The Associated Press
CAIRO — Egypt's anti-government activists pushed to expand their protests and sought to drum up labor unrest as thousands launched strikes at state firms and offices around the country, in defiance of the vice president's warning that demonstrations calling for President Hosni Mubarak's ouster would not be tolerated for much longer.
Efforts by Vice President Omar Suleiman to open a dialogue with protesters over reforms have broken down since the weekend, with the youth organizers of the movement deeply suspicious that he plans only superficial changes far short of real democracy. They refuse any talks unless Mubarak steps down first.
Showing growing impatience with the rejection, Suleiman issued a sharp warning that raised the prospect of a renewed crackdown. He told Egyptian newspaper editors late Tuesday that there could be a "coup" unless demonstrators agree to enter negotiations. Further deepening skepticism of his intentions, he suggested Egypt was not ready for democracy and said a government-formed panel of judges, dominated by Mubarak loyalists, would push ahead with recommending its own constitutional amendments to be put to a referendum.
"He is threatening to impose martial law, which means everybody in the square will be smashed," said Abdul-Rahman Samir, a spokesman for a coalition of the five main youth groups behind protests in Cairo's Tahrir Square. "But what would he do with the rest of the 70 million Egyptians who will follow us afterward."
Suleiman is creating "a disastrous scenario," Samir said. "We are striking and we will protest and we will not negotiate until Mubarak steps down. Whoever wants to threaten us, then let them do so," he added.
Nearly 10,000 massed in Tahrir on Wednesday in the 16th day of protests. Nearby, 2,000 more blocked off parliament, several blocks away, chanting slogans for it to be dissolved. Army troops deployed in the parliament grounds.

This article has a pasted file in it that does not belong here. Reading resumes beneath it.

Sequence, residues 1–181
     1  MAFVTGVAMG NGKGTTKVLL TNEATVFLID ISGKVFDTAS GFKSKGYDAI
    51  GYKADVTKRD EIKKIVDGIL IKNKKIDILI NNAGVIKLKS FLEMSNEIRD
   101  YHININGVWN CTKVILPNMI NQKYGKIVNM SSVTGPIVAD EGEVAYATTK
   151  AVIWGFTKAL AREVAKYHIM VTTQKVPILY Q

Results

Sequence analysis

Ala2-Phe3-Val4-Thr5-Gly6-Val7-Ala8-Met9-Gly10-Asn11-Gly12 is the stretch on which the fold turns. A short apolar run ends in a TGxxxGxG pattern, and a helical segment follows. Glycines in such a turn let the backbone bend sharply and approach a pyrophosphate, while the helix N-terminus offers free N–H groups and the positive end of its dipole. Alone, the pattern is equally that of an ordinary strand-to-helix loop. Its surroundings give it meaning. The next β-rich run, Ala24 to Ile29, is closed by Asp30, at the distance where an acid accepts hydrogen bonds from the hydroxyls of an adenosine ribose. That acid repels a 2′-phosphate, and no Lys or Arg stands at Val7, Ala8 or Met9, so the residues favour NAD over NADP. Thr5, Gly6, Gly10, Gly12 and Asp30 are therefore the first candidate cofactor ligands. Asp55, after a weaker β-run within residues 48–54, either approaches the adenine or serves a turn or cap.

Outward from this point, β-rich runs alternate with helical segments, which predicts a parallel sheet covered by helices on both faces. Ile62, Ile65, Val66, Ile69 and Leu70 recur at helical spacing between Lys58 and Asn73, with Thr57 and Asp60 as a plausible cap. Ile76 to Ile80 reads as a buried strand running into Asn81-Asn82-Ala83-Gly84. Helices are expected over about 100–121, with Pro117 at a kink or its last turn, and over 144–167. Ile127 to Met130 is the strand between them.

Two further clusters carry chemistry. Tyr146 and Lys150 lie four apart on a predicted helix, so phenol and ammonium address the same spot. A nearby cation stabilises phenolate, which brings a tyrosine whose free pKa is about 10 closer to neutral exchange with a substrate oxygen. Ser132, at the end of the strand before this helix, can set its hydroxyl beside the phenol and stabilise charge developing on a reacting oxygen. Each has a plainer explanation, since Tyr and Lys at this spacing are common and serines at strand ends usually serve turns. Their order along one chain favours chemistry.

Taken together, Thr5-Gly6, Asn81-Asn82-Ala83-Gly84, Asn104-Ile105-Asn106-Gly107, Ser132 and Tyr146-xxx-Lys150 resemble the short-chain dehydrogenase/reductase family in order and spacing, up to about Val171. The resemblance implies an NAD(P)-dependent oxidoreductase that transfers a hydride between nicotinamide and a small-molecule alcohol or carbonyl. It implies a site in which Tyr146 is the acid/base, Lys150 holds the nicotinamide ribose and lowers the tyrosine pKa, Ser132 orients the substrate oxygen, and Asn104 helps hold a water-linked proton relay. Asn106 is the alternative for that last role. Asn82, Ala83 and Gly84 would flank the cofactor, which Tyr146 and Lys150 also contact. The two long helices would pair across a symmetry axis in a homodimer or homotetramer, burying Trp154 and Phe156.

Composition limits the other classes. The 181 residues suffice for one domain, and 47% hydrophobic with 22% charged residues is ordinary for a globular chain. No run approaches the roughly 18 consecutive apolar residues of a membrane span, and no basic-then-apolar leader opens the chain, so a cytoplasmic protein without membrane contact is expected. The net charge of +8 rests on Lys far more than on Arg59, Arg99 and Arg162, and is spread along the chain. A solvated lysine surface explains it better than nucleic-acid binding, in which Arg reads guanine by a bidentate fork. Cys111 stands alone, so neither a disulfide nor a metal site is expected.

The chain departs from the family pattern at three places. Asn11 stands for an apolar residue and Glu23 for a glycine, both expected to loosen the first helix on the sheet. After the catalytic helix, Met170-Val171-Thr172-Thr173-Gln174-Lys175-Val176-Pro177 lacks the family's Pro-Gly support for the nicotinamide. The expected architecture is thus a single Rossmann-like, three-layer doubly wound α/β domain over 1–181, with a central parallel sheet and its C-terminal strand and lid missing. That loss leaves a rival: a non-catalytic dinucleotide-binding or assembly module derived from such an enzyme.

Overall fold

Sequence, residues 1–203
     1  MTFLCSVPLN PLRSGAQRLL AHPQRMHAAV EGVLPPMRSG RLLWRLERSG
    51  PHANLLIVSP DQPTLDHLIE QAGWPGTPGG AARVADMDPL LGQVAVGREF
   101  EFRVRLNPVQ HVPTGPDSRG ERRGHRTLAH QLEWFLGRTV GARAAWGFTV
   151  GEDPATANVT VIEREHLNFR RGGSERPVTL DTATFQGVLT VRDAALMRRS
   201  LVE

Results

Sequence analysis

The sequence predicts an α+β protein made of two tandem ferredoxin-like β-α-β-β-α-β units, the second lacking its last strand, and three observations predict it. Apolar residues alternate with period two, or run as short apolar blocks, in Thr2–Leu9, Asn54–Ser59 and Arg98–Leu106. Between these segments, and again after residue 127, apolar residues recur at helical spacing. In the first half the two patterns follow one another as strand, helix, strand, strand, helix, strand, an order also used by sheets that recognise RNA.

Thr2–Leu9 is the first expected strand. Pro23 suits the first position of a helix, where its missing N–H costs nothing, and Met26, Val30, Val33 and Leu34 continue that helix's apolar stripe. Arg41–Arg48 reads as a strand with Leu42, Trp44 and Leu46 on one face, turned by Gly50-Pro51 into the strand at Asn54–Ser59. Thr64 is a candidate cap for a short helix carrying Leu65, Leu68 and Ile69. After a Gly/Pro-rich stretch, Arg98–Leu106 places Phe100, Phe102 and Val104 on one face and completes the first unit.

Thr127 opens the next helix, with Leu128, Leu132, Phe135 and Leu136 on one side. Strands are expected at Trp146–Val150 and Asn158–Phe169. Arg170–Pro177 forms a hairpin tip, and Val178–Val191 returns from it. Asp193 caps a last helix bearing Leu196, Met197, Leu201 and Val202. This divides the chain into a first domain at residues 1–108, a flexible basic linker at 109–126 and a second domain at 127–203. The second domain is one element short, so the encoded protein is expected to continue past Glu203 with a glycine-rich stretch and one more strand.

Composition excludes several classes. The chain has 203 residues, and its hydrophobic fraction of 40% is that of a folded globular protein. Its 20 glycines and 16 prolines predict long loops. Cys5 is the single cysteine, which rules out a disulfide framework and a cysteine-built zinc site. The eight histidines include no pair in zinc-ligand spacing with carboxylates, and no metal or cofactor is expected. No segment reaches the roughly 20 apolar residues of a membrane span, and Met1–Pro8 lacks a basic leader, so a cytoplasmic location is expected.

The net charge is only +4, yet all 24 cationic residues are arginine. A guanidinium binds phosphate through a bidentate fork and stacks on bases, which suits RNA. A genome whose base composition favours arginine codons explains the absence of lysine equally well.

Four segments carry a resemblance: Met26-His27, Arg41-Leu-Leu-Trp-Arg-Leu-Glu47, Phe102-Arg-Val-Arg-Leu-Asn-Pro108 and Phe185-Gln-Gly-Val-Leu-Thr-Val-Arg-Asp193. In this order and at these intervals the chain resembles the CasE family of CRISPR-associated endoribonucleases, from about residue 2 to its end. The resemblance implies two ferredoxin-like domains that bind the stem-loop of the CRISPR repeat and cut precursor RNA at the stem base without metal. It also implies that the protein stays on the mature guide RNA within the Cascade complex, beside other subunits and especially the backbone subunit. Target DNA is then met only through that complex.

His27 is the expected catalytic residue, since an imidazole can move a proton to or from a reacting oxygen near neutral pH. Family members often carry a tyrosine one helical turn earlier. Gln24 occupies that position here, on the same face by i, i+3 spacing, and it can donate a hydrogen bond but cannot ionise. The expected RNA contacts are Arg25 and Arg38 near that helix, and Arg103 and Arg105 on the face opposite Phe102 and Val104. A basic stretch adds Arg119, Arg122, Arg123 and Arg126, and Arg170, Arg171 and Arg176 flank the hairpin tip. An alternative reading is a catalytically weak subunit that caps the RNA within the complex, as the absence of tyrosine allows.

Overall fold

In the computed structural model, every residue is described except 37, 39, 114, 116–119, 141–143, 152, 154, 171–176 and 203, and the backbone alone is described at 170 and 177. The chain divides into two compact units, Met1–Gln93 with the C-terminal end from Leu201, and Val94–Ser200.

For the first time, protesters were calling forcefully Wednesday for labor strikes, despite a warning by Suleiman that calls for civil disobedience are "very dangerous for society and we can't put up with this at all."
Around the country, small strikes — usually in the hundreds each — erupted — by state electrical workers, farmers, museum staffers over low wages, bread shortages or anger at mismanagement. Most of the strikes did not appear to be in response to the Tahrir protesters' calls, and seemed fueled by longtime labor dintent re-emerging amid the unrest. But some strikers threatened to feed into the Tahrir-centered movement.
Some 8,000 protesters in the southern province of Assiut blocked the main highway and railroad to Cairo with burning palm trees, complaining of bread shortages and calling for the regime's downfall.
When the governor, escorted by police, went to talk with t, they pelted his van with stones, smashing its windows before he fled. The protesters threatened to join the Tahrir movement.
About 300 slum residents in the Suez Canal city of Port Said set fire to some parts of the governorate building and several motorcycles, protesting the failure of the governor to build proper housing for them. Police did not interfere, and the protesters set up tents in the city's central Martyrs Square similar to Tahrir.
In Cairo, hundreds of state electricity workers stood in front of the South Cairo Electricity company, demanding the ouster of its director. "Why are you staying here, you've ruined our lives," they chanted. Also, dozens of state museum workers demanding higher wages staged a protest in front of the Supreme Council of Antiquities, crowding around antiquities chief Zahi Hawass when he came to talk to them.
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